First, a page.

It's the same thing with the Toronto Star. The problem with the Star is their often mewling, scuzzy, laughable support for the Liberal Party and all the neoliberal imperialism and hypocrisy that requires.
The contrast between good stuff and bad stuff was on display in this last Sunday's Star. And, before going on, I want to establish that by "bad" I don't mean that I disagree with it. The "bad" on display is demonstrably caused by arrogance and ignorance.
In the article "Dredging up Haiti's past" writer Sarah Barmak discusses deposed Haitian president Aristide's statement (made in the wake of the return of former dictator Duvalier) that he would like to return to Haiti “Today, tomorrow, at any time.” This, Barmak pronounces, is a terrible idea:
It would have been hard for Aristide to get his timing worse. Haiti is in the throes of a democratic crisis, with a potentially divisive runoff vote to be held as soon as this week and the surprise return of former dictator Jean-Claude “Baby Doc” Duvalier last week. Adding a former leader who still commands allegiance into the mix in the coming days could throw a wrench into Haiti's precarious political landscape.Who is Sarah Barmak? As recently as 2009 she appears to have been a U of T journalism student. Nothing wrong with that. I didn't think myself incapable of commenting on world affairs when I was in college. But she gives the whole game away in her conclusion:
With the country busy dredging up its past, its electoral future has been thrown further into doubt. And the longer it is leaderless, the longer international aid commitments will stay on hold, stalling Haiti's earthquake rebuilding effort.
Aristide may believe he can help his troubled country if he returns. But according to U.S. State Department spokesman P.J. Crowley the reappearance of former leaders is “last thing that Haiti needs.”Nothing reveals Barmak's ignorance on the subject of Haiti than her deferral to some U.S. State Department asshole about what is in Haiti's best interests. The USA has long supported murderous dictators and has twice destroyed Haitian democracy (in the two overthrows of Aristide) the second one with the assistance of Canada and France. Under the tender benevolence of the "responsibility to protect" of these nations and MINUSTAH the people of Haiti had been reduced to eating dirt (and that was in the "good" years before the earthquake hit). After the earthquake, Haitians have continued to suffer under the fraud, mismanagement, incompetence, and cruelty of the international community.
Unless Barmak's useless editorial was meant as continued (deceitful) support for the Liberals' role in overthrowing Aristide, I'd say it's more the case that Barmak is just completely ignorant and too arrogant to restrain herself from writing such garbage. Like other journalists who manage to get paid for writing such drivel.
Then, the Star goes on (on the very next page!) to provide evidence that it can be a good newspaper. The people's rebellion in Tunisia is a very important story. It's the story of people pushed to the wall by the dictatorship and corruption of President Ben Ali and a series of "pro-market" governments serving the goals of the IMF and international capitalism. The people of Tunisia have spat in the faces of both the homegrown authoritarian thugs that Western racists say is the natural form of government for the Middle East and the international technocratic monsters who allow these thugs to persist and allow them to skim-off the proceeds of their desperately proceeds in return.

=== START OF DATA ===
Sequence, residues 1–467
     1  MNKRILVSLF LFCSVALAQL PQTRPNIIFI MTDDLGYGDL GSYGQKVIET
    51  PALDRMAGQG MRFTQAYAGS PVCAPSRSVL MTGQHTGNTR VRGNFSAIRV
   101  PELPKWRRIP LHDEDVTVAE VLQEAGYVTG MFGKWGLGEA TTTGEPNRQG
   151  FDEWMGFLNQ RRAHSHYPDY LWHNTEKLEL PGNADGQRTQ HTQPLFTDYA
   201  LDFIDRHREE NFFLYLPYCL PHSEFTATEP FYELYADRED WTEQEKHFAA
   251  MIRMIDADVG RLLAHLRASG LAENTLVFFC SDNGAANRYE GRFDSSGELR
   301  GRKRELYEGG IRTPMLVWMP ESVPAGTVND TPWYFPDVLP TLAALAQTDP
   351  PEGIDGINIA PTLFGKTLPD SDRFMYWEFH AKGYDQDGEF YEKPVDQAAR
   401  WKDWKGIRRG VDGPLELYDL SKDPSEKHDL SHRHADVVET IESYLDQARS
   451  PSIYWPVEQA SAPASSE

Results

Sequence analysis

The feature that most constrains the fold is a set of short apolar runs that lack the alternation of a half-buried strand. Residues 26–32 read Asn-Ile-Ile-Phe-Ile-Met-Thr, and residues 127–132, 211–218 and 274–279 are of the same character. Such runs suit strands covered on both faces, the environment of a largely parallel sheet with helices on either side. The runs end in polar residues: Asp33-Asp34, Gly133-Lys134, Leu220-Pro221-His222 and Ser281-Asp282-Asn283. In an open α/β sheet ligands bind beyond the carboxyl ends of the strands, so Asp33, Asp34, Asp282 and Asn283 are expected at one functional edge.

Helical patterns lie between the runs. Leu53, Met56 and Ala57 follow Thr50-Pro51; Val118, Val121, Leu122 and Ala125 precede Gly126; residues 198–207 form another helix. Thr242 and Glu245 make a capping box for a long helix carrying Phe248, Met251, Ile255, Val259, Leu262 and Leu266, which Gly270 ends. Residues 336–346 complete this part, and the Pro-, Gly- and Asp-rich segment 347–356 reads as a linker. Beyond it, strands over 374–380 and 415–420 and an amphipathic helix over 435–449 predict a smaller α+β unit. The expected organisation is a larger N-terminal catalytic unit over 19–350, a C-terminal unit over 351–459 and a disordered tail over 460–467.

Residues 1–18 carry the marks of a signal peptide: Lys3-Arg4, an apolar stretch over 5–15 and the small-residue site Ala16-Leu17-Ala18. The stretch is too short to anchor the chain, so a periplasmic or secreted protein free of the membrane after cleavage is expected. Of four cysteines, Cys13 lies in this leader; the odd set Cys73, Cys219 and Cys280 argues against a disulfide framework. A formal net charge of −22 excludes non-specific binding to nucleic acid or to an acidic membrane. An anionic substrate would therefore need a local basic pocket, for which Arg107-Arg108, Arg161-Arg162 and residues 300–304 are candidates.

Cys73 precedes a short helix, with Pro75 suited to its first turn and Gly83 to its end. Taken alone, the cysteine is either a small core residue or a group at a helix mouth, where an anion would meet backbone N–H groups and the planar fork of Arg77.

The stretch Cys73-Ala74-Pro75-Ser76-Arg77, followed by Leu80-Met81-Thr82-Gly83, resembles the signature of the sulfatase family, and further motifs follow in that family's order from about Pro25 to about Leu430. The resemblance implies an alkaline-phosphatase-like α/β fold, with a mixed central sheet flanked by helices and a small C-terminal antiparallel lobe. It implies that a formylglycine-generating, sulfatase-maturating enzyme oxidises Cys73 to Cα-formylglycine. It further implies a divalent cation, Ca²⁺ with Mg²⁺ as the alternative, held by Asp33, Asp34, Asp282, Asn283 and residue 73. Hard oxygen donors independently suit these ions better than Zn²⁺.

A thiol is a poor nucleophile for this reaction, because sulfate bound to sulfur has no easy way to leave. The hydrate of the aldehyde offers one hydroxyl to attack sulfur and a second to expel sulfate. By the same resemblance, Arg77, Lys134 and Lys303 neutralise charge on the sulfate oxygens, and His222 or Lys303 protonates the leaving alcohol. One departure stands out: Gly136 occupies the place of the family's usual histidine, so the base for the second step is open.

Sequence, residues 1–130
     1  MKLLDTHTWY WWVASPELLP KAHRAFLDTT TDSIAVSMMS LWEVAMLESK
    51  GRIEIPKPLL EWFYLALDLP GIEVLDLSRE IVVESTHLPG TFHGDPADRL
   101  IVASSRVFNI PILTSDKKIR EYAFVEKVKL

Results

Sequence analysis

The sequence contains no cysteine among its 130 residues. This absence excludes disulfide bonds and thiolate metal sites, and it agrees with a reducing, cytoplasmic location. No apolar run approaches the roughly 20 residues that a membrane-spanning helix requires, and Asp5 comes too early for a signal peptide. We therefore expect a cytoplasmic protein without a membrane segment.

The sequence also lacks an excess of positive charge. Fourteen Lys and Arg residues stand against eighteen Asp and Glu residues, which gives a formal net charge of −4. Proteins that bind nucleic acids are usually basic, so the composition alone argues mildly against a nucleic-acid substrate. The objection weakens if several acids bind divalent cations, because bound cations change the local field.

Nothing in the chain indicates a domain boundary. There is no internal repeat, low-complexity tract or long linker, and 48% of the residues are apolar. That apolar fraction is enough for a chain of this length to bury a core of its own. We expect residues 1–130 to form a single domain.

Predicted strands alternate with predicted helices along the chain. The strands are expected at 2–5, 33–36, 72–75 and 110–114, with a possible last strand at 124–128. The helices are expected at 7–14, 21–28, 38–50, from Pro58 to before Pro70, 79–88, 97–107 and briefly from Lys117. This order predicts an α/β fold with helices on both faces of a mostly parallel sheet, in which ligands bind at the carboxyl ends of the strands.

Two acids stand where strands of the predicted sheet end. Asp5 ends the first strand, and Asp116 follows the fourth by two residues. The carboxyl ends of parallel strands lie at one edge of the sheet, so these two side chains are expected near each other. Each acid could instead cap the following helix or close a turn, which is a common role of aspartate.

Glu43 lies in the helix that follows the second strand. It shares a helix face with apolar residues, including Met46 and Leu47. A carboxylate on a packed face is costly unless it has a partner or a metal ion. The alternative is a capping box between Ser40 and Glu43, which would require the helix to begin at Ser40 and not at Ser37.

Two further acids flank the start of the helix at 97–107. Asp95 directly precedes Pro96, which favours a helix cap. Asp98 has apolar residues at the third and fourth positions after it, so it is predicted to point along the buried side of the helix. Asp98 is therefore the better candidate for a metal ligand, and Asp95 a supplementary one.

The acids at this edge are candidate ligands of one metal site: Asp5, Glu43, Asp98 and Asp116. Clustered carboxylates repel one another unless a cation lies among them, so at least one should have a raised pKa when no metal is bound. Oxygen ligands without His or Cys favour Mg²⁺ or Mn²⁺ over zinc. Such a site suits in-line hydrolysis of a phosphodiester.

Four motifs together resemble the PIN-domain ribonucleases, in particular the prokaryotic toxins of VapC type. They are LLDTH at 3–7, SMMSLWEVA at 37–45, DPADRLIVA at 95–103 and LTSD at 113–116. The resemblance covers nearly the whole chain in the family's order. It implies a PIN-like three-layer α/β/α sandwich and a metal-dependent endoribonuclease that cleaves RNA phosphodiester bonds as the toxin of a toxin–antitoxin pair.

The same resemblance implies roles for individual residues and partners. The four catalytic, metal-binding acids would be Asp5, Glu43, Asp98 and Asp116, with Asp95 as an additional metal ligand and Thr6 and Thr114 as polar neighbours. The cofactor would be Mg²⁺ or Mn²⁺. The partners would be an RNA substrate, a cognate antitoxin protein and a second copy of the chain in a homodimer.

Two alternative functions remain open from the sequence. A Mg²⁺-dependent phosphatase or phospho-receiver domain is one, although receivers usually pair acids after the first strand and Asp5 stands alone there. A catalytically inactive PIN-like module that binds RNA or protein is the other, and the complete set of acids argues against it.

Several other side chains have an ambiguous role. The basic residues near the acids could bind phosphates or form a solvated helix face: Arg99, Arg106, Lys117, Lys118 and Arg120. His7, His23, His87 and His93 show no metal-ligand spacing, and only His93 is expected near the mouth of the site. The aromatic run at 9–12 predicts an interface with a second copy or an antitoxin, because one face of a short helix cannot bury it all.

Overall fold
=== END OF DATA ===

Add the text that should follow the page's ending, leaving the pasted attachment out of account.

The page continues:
Obviously, both of these corrupt, callous groups have responded to this rebellion with disdain. But it was with great pleasure that I read Mona Eltahawy's retort to them. In "Raining on the Tunisian revolution" she gives a powerful defence of the people's actions and a severe criticism of the naysayers:
On one side was the expected group: a host of Arab dictators. From kings and emirs whose monarchies ensured continuity to longtime dictators of republics on the verge of becoming dynasties, as sons inherit countries from fathers with the ease of a family estate changing hands, the men who rule the Arab world watched in horror as one of their own was kicked out of a country he robbed blind with one hand and suffocated into submission with the other.Make no mistake about it. The Tunisian Revolution is but one facet of the Third World War. It's part of the larger world battle being fought now in Greece, in Ireland, in Honduras, in Venezuela, and elsewhere, including cyberspace thanks to Wikileaks. Our side just won (for how long, it's hard to say) in Tunisia. Whether it endures depends upon whether enough of us learn from voices like Eltahawy's, or whether we listen to ignorant, arrogant voices like Barmak, who try to convince us that deposed democrats must not be allowed to return, that protesting neoliberal tyranny is bad, that exposing government crimes can only be the act of an egotistical maniac.
But let me tell you what really distresses me off: a host of Western “analysts” and “experts” determined to outdo our despots in coming up with reasons why the Tunisian revolution will fail and why it's impossible to replicate.
What's most appalling is the sense that they're suggesting the Tunisian revolution is economically bad for our region. Some economists dealt with it as an unwelcome nuisance, almost saying ‘How dare they revolt and challenge or disturb our political-risk calculation?' ” Allam said. “Many ignore the fact that economic growth did not trickle down to most Tunisians and that it was anger with corruption more than anything that fuelled the uprising.”